Joe's the one on the right.
You can ask any of my friends -- I am not an animal person. I'm allergic to cats, and, while we always had a dog when I was growing up, I've found that it's tough enough trying to keep a house clean with two kids and a husband. Like I always say: what do I need a dog for? I just got Joe to stop pooping on the floor.
And of course, animals can sense that. Every time I walk into a friend's house who has a dog or a cat, that thing is on me like acne on a freshman. Somehow they figure out exactly who isn't thrilled to see them and the next thing I know I'm the only one wiping dog slobber off my shins. It's eerie. So imagine my excitement when I answered the doorbell early one morning and our neighbor's daughter was standing there with Lady straining at the leash.
Backstory: Phyllis, our across-the-street neighbor, lost her husband six years ago and her kids decided that, instead of just hanging out with her, it would be a good idea to get her a cocker spaniel puppy as a companion. (Pause for eye roll.) Phyllis herself could barely walk, so when Lady knocked her down in the middle of the street going after a rabbit one morning, it became apparent they needed a backup plan to get the dog some exercise if Lady was going to stick around.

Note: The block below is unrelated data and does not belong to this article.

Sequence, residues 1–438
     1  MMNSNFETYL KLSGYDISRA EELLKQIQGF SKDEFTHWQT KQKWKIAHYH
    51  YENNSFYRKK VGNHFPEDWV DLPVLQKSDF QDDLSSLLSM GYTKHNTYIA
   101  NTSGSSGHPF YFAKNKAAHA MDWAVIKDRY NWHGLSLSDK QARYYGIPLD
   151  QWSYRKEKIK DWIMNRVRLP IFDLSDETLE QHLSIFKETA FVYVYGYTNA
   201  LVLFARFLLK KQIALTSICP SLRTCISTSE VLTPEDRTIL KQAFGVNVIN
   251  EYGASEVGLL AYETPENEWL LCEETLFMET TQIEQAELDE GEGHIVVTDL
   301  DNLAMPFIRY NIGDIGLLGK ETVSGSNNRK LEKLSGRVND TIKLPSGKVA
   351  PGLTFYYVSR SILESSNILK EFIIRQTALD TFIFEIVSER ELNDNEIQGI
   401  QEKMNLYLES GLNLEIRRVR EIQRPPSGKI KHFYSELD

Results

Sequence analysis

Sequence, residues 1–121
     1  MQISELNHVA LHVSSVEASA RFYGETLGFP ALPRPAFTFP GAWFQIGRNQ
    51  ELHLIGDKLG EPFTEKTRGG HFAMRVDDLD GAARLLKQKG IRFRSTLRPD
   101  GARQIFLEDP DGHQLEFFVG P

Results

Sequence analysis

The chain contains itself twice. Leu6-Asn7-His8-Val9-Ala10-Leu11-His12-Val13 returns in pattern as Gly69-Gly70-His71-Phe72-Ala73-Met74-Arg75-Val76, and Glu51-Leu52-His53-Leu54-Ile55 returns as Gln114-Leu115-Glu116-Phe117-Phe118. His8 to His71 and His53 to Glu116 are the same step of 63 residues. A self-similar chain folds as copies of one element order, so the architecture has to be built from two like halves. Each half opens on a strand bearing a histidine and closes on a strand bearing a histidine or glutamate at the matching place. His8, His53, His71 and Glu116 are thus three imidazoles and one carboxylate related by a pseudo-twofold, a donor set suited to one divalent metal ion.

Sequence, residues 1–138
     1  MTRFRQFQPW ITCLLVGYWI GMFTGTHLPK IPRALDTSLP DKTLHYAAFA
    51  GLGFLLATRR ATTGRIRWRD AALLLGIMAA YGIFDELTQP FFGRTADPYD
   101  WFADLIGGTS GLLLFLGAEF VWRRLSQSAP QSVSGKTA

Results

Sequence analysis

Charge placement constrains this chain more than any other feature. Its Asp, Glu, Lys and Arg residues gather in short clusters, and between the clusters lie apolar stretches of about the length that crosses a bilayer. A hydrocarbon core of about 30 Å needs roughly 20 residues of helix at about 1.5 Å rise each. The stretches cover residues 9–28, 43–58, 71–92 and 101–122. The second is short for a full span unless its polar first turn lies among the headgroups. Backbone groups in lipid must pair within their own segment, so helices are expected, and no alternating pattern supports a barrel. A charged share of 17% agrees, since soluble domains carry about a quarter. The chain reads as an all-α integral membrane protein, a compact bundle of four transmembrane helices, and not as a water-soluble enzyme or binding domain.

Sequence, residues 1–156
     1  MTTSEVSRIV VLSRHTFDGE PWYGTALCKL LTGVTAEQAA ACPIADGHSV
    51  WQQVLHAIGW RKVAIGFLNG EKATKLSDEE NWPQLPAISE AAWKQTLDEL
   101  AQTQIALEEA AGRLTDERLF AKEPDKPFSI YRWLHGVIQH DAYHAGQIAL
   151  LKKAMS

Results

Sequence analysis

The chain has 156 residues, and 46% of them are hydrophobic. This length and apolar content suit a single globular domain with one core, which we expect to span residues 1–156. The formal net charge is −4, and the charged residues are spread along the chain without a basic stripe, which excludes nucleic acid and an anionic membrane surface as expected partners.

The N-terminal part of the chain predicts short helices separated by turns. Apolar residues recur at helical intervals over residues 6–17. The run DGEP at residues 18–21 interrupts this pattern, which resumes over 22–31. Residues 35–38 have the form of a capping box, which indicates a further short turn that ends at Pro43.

Enter young Joe Skoog.
He would haul his butt out of bed at 5:30 every weekday morning and take Lady for a walk. It wasn't a really long walk or anything, but it got her out of the house, and occasionally, during breaks from school and on weekends, he'd bring her over to our house and she'd hang out with us for awhile.
So we had a nice relationship, the Skoog family and Phyllis. She'd call us to do things like fix her tv or show her how to work her answering machine, and in return my kids could think they had a dog for short periods of time. Perfect.
Until that April morning, when Lady came bounding into my house, slightly traumatized, very hungry, and more than a little happy to see me. "We had to take Mom to the hospital," Phyllis' daughter explained. "You want to watch her here, or we can just leave her at the house and you can look in on her. We left her alone last night and she seemed fine."